Since I was traveling last year and had almost no earned income, I decided to look for some ways to take advantage of possible tax savings before the year ended.
I have some investments in index funds and it seemed like a good idea to sell some of them as the major indexes hit record highs last year. I found out that long term capital gains are taxed at 0% if your earned income is within the 15% tax bracket.
I also have a Traditional IRA and Roth IRA accounts and since my situation last year put me in the lowest tax bracket, it seems like a good idea to move some of my funds from the Traditional to the Roth. I figured it’s less likely that the tax brackets would be lower in the future.
The tax brackets for 2013:
- 10% Up to $8,925
- 15% Up $36,250
Tax Saving #1 – Long term capital gains
I sold some of my funds in my individual account which earned me long term capital gains. These capital gains won’t be taxed as I was below the 15% tax bracket.
If your earned income is $0, you can have long term capital gains up to $36,250 (the 15% bracket) and you’ll get taxed 0%. Long term capital gains over that will be taxed at 15%.
This worked out very well for me as the markets did very well last year and I earned a pretty good amount selling my funds.
Tax Saving #2 – Move funds from Traditional IRA to Roth IRA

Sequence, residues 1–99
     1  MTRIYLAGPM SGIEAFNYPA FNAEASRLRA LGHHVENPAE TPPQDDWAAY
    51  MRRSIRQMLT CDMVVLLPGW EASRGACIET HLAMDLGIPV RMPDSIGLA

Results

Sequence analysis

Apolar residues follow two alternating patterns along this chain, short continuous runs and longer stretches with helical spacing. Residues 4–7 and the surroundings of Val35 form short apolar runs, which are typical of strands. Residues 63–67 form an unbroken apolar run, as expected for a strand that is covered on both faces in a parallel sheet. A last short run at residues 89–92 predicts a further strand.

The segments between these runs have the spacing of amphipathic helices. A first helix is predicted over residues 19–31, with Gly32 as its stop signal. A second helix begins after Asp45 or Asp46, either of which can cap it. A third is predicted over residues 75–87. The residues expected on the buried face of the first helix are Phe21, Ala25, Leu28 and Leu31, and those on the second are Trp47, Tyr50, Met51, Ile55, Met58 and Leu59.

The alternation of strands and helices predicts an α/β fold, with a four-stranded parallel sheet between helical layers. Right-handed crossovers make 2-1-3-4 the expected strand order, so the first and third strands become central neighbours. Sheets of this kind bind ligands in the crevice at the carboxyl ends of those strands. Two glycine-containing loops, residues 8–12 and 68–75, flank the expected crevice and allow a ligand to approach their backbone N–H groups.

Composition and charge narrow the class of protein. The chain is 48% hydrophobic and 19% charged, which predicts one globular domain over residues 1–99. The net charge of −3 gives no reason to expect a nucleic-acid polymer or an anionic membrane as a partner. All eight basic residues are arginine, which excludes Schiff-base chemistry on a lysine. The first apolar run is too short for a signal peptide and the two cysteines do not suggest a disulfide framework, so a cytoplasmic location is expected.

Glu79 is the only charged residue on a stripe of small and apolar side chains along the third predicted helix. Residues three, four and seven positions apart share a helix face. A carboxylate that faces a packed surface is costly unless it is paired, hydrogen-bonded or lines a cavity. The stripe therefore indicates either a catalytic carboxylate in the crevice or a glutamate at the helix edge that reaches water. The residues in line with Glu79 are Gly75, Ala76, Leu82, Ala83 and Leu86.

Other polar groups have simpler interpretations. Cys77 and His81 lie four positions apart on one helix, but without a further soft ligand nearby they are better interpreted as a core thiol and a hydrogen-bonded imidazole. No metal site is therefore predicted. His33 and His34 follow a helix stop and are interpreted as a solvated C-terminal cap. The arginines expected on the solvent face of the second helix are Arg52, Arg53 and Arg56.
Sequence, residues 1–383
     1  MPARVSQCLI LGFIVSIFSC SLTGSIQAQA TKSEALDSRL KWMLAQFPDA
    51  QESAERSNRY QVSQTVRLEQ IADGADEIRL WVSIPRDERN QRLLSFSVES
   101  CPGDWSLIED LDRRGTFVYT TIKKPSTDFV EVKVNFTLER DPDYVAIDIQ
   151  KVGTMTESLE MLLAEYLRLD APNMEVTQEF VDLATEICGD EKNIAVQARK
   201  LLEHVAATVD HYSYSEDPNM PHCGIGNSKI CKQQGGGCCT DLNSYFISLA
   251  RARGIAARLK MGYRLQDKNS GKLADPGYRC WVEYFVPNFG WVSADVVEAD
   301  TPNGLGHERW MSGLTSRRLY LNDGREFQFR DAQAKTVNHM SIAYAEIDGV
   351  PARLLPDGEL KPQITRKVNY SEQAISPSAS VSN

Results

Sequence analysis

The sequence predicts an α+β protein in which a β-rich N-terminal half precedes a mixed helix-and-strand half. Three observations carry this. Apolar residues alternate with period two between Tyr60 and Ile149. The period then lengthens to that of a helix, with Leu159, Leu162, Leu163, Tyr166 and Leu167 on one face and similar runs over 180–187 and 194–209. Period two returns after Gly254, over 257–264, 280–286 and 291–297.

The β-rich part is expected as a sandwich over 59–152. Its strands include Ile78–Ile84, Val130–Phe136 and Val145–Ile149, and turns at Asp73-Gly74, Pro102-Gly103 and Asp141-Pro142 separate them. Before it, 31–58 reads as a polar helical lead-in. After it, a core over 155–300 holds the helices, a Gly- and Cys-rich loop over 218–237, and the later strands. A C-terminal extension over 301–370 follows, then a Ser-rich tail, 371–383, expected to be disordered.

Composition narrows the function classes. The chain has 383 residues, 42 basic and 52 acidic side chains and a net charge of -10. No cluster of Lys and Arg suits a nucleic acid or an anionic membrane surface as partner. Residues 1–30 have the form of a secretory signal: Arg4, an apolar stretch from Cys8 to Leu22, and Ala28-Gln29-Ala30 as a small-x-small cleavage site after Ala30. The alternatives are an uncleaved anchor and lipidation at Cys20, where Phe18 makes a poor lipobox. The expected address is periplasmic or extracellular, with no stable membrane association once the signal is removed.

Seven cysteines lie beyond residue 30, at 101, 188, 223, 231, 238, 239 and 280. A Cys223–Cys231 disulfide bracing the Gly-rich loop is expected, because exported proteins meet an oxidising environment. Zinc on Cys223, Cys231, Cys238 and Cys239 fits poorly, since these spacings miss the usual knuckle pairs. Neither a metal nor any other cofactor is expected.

Normally, you want to put money in a Traditional IRA if you’re expecting to be in a lower tax bracket when you start withdrawing money from it since the money put in is pre-taxed.
For example, if you put money in there when you’re in the 25% tax bracket, that amount won’t be taxed until you withdraw them in the future. So if you start withdrawing from your Traditional IRA in the future when you’re in the tax bracket of 15%, it will only get taxed at 15%.
With a Roth IRA it’s the opposite. You get taxed now but you don’t get taxed in the future when you make your withdrawals. So if you expect to be in a higher tax bracket in the future, it’s a great option. Also, with a Roth, there’s no penalty when withdrawing contributions before you’re 59.5 years old.
Since I was pretty much in the lowest tax bracket last year, it was the best time to convert. One important thing to keep in mind when making the conversion: don’t withhold any taxes. If you withhold taxes you’ll end up paying the 10% early withdrawal penalty. Pay the taxes now. The converted amount is taxed at your marginal tax rate.
I also had to factor in dividends I made last year. I read mixed things about it, I found a website mentioning that dividends are considered earned income and another website said it isn’t. To be safe, I considered it earned income.
So if I have $1,000 in dividends and no other earned income, I’ll subtract that from $8,925 (the 10% tax bracket), allowing me to convert $7,925 and only pay 10% in taxes.